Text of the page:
Scombridae

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Scombridae

[′skäm·brə‚dē]
(vertebrate zoology)
A family of perciform fishes in the suborder Scombroidei including the mackerels and tunas.

Scombridae

 

(mackerels and tunas), a family of fishes of the order Perciformes. The body is elongated, spindle-shaped, and somewhat laterally compressed. The caudal peduncle is thin with three or, less commonly, two small thin ridges on each side; there are four to nine small additional fins above and beneath the caudal peduncle. The fishes have two dorsal fins; behind the second dorsal fin and the anal fins are small additional fins. The body is covered with small scales. In some species the posterior end of the body is scaleless, and the anterior part has large scales, which form a kind of carapace. The pectoral fins are situated high up.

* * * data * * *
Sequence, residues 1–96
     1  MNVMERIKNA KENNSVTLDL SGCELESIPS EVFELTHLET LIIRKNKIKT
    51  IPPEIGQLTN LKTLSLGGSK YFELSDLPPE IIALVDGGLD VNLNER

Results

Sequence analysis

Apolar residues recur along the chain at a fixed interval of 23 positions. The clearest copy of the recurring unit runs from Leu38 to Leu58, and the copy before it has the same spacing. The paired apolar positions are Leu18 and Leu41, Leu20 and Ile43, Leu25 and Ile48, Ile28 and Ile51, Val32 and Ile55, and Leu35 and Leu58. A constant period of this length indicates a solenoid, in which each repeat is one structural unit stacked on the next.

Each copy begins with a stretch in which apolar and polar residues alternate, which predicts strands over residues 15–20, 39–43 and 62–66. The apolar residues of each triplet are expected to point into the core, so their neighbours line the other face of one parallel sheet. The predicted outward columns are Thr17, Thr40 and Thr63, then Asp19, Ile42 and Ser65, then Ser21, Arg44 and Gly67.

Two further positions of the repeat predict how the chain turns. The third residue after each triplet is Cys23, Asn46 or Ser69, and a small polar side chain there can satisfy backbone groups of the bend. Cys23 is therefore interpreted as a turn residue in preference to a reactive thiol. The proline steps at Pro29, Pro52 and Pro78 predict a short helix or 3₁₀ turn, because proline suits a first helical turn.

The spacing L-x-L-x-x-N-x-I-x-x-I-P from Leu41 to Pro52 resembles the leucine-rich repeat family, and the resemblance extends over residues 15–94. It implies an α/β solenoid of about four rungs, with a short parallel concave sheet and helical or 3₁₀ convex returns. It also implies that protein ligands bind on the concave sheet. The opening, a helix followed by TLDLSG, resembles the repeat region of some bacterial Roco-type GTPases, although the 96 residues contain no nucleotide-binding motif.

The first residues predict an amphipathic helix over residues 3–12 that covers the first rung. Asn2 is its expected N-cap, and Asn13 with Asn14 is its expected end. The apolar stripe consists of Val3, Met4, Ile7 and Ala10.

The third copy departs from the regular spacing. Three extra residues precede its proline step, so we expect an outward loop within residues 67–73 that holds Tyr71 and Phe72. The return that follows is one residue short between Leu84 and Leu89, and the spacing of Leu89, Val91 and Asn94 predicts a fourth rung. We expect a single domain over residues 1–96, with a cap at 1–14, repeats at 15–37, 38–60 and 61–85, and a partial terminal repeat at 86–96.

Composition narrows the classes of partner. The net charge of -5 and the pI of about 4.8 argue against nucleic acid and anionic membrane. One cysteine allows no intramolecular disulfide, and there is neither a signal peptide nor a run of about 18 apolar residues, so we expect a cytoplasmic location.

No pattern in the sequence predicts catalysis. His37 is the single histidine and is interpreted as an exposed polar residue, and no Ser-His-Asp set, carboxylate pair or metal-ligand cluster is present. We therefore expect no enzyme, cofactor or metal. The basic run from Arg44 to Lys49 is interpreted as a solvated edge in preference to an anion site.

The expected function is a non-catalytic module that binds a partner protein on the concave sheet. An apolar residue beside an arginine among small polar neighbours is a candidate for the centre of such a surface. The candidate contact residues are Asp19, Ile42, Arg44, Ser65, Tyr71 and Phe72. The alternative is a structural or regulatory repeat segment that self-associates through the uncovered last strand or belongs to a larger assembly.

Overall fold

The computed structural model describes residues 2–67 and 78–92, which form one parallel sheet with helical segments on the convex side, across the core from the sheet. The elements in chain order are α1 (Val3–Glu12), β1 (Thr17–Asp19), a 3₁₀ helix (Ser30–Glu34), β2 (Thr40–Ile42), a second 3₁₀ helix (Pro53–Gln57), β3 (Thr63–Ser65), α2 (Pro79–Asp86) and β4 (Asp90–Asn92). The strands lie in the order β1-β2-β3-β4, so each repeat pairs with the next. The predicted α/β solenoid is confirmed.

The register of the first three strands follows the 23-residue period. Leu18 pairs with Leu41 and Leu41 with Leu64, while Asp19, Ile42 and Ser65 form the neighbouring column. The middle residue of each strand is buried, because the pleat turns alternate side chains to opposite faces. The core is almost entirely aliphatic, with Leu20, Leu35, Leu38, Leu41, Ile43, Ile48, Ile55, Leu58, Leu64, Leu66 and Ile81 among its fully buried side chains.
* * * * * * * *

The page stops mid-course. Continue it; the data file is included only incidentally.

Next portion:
There are about 15 genera, distributed in the tropical, subtropical, and, to some extent, temperate seas of the world ocean. The genera most commonly found in the waters of the USSR include Scomber (including the Atlantic mackerel), Sarda (including the Atlantic bonito), and Thunnus (tunas). Less frequently encountered are species of the genera Euthunnus, Katsuwonus, Auxis, and Scomberomorus.

Mackerels and tunas are rapid swimmers. They stay at substantial depths or near the surface. Most species are commercially valuable.